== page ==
Use A Sourdough Starter In Your Filipino Pandesal For A Tangier Taste

Sourdough pandesal
Sourdough pandesal - Taylor Murray/Tasting Table

Fluffy and slightly sweet, with a crust that's lightly dusted with crumbs, pandesal is a staple in Filipino cuisine, especially at breakfast. Usually bought freshly made from a neighborhood bakery early in the morning, this bread roll is typically stuffed with savory items like slices of cheese, tocino (sweet cured pork), longganisa (garlicky pork sausage), or fried Spam because of how well it balances their saltiness. Gooey, sugary fare like jam or condensed milk can also be used as pandesal filling. Thanks to its crackly crust, the bread maintains its form even when it gets soaked with sweetness inside; even vendors use it to make "dirty ice cream" sandwiches, stuffing it with scoops of carabao milk-based ice cream. It is also dunked in instant coffee or hot chocolate for a quick, easy, and cheap breakfast or mid-day snack.

Although bakeries typically use commercial yeast to bake pandesal at a speed and a volume that meets customer demand, you can use sourdough to give your homemade version a pleasing chewiness and subtle tang. The resulting hint of sourness will further bring out the flavors of your pandesal filling, whether it's sweet, savory, or a combination of both, like ube jam layered with cheddar cheese slices. The bread will also remain light and fluffy but with a palpable improvement in its texture that makes each bite feel more substantial. Just don't forget to include pandesal's signature dusting of breadcrumbs to get the full textural experience this bread offers.

Read more: 11 Cleaning Tips For Keeping Your Oven Spotless

Adjust The Amount Of Flour And Liquid In Your Recipe When Using A Sourdough Starter

Traditional pandesal
Traditional pandesal - junpinzon/Shutterstock

Switching from commercial yeast to sourdough starter elevates even the already-fancy croissant, but with pandesal, this modification actually hews close to the traditional way bread is made in the Philippines. According to Filipino chef and food historian Ariel Layug (via Eater), the earliest version of baking in the country used tuba (fermented wine made from young coconut sap) as a leavening agent since yeast wasn't widely available during the Spanish colonial times. Rural Filipino bakeries still use this method to make local baked goods since tuba is believed to prolong their shelf life, especially when they're baked in a clay oven. Pandesal itself was traditionally baked in a pugon or a wood-fired oven, resulting in a sturdier bread with a tougher, baguette-like crust.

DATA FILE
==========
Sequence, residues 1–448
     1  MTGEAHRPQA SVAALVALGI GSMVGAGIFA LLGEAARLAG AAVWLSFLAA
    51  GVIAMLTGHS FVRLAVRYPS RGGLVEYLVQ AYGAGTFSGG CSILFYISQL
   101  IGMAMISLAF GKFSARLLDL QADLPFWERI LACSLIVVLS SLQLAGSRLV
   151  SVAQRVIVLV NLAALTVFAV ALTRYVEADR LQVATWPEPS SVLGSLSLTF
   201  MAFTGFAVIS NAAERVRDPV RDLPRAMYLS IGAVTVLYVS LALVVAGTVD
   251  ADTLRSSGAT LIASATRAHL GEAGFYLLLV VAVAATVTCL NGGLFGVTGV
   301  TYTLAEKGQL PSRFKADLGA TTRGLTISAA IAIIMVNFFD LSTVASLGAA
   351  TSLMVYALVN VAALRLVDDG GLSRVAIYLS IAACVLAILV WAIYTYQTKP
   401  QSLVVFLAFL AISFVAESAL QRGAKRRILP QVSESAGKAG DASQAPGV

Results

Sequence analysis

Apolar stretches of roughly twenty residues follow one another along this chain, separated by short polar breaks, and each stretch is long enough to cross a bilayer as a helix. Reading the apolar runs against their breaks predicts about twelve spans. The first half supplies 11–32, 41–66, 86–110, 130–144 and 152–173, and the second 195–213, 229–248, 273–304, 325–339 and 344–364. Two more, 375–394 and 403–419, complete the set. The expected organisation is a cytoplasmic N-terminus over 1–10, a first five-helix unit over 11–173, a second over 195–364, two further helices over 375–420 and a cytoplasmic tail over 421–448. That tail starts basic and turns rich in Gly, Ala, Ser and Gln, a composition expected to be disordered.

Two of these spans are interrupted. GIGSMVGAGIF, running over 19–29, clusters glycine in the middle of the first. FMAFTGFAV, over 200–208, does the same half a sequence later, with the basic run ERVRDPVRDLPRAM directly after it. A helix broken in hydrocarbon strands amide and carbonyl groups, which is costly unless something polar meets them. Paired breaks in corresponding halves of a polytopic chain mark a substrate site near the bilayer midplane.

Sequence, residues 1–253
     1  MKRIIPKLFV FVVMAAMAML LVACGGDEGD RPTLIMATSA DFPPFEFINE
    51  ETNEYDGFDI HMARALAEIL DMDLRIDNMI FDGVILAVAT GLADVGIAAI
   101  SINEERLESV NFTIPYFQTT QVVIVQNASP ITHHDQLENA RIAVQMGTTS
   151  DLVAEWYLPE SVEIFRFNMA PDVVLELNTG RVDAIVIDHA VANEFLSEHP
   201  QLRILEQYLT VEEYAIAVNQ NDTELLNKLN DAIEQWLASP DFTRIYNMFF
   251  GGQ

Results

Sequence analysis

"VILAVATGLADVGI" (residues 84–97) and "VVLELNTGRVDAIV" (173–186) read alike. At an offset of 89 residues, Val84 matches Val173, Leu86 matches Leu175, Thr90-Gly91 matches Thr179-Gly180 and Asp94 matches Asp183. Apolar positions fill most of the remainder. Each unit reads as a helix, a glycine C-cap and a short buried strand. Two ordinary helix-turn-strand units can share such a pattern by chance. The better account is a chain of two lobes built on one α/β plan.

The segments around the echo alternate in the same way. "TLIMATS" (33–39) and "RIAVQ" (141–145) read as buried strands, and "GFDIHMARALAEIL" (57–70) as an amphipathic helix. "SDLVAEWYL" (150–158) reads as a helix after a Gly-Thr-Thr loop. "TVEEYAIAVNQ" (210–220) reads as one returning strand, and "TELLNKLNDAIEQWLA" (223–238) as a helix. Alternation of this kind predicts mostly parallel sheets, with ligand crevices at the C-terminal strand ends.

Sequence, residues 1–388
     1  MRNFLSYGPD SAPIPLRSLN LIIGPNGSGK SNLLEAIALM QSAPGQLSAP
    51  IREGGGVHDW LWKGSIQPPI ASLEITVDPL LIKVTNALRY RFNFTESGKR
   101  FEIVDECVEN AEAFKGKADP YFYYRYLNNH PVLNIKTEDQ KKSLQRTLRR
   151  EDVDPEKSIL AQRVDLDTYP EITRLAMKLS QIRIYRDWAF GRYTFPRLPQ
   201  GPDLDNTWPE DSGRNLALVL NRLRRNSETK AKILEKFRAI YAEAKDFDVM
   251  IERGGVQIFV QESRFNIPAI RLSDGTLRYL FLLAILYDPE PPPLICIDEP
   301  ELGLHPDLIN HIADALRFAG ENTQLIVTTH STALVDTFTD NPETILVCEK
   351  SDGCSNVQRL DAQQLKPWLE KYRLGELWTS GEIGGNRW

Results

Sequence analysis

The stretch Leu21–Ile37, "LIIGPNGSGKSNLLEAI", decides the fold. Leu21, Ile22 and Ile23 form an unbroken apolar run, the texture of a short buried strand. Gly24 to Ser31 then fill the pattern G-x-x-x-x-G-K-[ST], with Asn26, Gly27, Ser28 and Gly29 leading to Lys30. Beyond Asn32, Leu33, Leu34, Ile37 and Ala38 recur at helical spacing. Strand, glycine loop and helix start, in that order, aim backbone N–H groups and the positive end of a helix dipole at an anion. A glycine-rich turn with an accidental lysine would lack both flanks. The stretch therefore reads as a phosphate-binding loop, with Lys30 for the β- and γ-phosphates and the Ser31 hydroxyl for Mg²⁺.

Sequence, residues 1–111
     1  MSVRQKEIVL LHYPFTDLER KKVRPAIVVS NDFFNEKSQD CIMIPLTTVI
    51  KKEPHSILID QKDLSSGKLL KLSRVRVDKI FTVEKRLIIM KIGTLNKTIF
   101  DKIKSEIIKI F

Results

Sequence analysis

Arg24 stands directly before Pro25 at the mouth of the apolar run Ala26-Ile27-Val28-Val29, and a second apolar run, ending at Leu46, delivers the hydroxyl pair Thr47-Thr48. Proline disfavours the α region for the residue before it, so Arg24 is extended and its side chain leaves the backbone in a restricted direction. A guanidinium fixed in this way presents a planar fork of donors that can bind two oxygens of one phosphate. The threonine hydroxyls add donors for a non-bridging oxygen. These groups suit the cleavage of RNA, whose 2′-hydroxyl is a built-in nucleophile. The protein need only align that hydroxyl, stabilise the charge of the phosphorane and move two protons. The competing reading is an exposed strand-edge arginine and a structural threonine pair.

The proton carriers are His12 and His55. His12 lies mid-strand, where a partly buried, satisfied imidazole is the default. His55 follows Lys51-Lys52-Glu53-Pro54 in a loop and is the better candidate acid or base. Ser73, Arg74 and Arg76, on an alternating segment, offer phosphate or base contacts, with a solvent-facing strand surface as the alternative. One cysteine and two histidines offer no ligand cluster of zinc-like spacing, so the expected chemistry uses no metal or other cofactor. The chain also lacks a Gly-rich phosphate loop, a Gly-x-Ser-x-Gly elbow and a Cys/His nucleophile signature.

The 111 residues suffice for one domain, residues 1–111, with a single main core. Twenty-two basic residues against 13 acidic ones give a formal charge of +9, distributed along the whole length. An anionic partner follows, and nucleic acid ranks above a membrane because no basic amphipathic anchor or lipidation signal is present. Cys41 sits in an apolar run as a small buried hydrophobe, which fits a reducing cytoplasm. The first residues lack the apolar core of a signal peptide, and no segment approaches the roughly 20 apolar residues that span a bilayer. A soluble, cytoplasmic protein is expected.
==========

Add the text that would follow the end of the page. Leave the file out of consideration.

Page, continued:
When modifying a recipe, remember that using a sourdough starter means longer proofing time and, therefore, a longer bread-making process. Baking with sourdough also calls for the leavening agent to be 20% of the amount of flour. Check how much flour and water you'd fed to your sourdough starter, too, and subtract their respective amounts from the flour and liquid required in your recipe. Making these adjustments is crucial since you want your pandesal to come out still lightly sweet and fluffy.

You can also combine a sourdough starter with active dry yeast, like in our sourdough pandesal recipe. It's easy to follow and yields that hint of tang you're looking for.

Read the original article on Tasting Table.